‘Please can we have another one?’ That was the request from St Matthew’s Church of England School in Nechells, Birmingham on the prospect of a second Camera Obscura workshop.
We completed our first zoom Camera Obscura workshop during the summer lockdown. Year Six students enjoyed the logistical challenges of making their own Camera Obscura, then capturing images on it.
The message from the deputy, head teacher, Tracey Adams, was we’d love to do another one in the future.
So, Tracey your wish is our command.
This time we worked with 27 year-five students, the classroom was full of eager students scissors and sellotape in hand raring to go.
The first question was, ‘do we have any students who accompanied us on our tree planting last season?’
At least 15 hands shot up with beaming smiles its testament to that a lovely morning planting flowering cherry tree amongst others in a large communal garden surrounded by flats and maisonettes near to St Matthew’s Church of England School where some of the children lived.
The workshop was run by Jo Gane, photographic practitioner and was funded by Matthew Murray Landscape Photographic Artist and Arts Council England and in collaboration with BTfL.
Jo’s specialist area of knowledge is the practice of early photographic processes and translating these difficult techniques into engaging hands-on workshop activities.
Matthew Murray is an award winning photographic artist working on an Arts Council of England project around the landscape of Arenig, North Wales. Matthew is working on an Arts Council of England project around the landscape of Arenig, North Wales.
As part of this project Matthew Murray developed an engagement programme working with artists, practitioners, charities and inner city schools, focusing on communities who may not have the opportunity to participate in these programmes in other circumstances.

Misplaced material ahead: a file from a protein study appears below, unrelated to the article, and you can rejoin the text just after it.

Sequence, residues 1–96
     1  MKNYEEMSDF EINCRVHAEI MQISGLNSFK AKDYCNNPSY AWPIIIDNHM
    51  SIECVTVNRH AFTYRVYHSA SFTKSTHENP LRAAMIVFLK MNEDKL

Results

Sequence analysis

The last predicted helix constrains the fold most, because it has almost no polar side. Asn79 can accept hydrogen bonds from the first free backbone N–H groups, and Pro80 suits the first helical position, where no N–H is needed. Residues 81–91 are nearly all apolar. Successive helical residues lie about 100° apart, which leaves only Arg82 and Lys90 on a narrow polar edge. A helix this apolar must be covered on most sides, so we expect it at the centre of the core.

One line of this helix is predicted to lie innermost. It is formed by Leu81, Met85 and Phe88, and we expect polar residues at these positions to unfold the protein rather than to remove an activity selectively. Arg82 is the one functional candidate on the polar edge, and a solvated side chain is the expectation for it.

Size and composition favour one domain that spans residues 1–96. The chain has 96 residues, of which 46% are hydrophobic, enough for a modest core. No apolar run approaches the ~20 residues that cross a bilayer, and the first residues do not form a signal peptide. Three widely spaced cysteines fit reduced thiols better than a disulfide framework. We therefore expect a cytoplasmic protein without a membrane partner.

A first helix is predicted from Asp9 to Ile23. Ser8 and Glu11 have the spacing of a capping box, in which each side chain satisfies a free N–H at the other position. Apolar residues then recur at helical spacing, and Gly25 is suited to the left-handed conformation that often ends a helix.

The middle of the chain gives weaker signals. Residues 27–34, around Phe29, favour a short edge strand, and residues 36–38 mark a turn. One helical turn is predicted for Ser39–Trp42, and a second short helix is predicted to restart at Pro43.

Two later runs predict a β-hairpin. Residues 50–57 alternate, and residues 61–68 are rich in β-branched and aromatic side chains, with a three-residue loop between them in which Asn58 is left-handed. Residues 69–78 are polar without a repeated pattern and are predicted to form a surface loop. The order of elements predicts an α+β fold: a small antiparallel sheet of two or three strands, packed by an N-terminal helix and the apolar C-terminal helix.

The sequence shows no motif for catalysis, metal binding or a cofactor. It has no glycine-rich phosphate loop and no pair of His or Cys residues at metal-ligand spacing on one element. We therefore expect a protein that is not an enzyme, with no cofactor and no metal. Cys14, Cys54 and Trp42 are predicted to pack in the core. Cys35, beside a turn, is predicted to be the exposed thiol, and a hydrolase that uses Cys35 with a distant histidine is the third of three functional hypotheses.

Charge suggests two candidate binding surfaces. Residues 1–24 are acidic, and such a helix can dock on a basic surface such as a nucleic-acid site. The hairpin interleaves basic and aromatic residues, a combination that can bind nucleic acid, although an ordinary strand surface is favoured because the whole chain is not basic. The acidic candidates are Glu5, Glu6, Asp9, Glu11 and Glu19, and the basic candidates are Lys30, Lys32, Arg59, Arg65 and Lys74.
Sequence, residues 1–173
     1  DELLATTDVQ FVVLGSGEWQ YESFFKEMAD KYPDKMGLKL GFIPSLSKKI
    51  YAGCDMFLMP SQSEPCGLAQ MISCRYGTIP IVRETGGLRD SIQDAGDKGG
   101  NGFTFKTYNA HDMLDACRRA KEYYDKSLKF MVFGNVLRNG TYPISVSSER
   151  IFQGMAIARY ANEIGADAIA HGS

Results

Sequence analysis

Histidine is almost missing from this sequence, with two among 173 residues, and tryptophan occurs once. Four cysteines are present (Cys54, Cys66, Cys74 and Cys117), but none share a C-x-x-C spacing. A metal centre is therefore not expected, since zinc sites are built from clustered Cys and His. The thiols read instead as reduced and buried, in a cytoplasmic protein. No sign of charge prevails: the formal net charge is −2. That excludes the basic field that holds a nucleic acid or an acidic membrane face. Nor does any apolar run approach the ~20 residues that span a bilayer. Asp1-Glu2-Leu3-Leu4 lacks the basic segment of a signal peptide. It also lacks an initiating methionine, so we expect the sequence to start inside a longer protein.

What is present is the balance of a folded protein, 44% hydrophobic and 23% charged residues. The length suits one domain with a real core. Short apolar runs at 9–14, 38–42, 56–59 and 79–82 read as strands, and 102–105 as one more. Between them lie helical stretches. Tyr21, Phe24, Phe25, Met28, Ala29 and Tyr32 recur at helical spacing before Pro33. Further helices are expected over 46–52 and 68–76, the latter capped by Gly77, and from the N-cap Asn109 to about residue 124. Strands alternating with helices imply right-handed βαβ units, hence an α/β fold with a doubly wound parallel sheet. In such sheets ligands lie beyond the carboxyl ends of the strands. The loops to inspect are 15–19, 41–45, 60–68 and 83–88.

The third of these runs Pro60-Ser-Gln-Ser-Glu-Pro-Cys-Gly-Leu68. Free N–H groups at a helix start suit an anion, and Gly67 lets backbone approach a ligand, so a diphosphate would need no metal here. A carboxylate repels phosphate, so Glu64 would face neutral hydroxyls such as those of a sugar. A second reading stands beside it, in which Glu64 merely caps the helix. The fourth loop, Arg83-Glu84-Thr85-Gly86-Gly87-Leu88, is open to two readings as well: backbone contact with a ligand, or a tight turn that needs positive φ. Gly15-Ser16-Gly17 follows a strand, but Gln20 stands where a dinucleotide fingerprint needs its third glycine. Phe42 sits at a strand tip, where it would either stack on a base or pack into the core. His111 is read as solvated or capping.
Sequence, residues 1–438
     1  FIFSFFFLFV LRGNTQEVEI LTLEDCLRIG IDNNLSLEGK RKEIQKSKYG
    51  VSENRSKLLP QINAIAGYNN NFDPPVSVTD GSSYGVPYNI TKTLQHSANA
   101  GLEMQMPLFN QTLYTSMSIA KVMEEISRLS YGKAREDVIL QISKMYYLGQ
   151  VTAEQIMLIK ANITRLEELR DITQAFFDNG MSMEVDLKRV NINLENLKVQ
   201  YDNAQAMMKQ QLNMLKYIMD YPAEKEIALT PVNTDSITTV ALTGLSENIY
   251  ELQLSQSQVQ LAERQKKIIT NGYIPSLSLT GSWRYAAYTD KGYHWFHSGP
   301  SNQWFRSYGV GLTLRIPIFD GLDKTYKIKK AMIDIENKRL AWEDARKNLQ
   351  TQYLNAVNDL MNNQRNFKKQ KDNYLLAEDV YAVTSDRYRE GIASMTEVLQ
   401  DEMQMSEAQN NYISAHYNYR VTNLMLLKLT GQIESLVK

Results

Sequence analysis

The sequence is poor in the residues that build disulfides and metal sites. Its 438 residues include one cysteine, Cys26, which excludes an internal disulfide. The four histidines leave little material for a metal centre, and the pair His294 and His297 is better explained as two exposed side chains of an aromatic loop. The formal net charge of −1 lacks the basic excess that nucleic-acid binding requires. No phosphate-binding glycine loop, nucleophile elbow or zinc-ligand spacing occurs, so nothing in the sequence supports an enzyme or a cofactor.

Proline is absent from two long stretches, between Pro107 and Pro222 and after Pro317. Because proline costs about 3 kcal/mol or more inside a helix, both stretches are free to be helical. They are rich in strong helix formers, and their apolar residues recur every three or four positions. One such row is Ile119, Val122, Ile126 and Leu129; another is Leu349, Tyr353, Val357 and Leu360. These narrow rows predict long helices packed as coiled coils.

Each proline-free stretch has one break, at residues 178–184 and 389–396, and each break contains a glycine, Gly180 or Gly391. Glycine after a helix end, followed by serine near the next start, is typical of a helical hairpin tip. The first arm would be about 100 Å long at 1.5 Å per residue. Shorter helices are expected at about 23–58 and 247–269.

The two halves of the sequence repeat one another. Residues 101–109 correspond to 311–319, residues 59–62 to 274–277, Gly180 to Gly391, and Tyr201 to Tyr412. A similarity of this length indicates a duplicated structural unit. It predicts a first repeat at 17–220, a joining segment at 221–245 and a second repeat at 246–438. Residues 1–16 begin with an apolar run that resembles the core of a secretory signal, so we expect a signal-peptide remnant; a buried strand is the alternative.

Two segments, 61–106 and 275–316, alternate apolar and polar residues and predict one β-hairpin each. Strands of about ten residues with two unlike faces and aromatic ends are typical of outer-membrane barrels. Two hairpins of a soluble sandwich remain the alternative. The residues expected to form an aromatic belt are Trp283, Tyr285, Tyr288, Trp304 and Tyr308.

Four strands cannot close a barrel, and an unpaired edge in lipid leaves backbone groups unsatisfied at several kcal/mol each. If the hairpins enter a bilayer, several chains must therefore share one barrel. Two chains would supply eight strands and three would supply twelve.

Matthew Murray choose BTfL as the project he was interested in collaborating with because of our great environmental and community based work and we are very grateful for that.
The workshop started and the children listened intently to the zoom tutorial by Jo. Mrs. Pringle the class teacher busily rebounded from one student to the next helping them cut cardboard, stick tracing paper and watch their simplistic cardboard camera gradually came to life.
Working with a generation that has been completely immersed in communications technology and where phones and the internet at the forefront of learning, social interaction, entertainment and school and work. A homemade camera made from bits of craft is a million miles from anything the student had known before, but all the same it was fun, refreshing, creative and artistic.
Once the cameras had been made images quickly started to be captured through their homemade lenses.
There was a gasp of ‘wow!’ The children placed the camera in front of their faces and there was a sudden urge for all the students to turn their cameras upside down.
That’s because the image projected is upside down and works very much like the workings of the human eye.
Thankfully it was a sunny day so the sunlight highlighted white images particularly well.
We agreed that to capture images of beech trees, with their distinctive white bark would be particularly dramatic.
We know that the children will take their cameras home share the wonderful workings of their camera obscura’s with their family and friends and capture images of trees, nature, wildlife and autumn foliage.
We can’t wait to see the wonderful results of how year five at St Matthew’s Church of England school turned the world upside down and made it look captivating, enchanting and beautiful.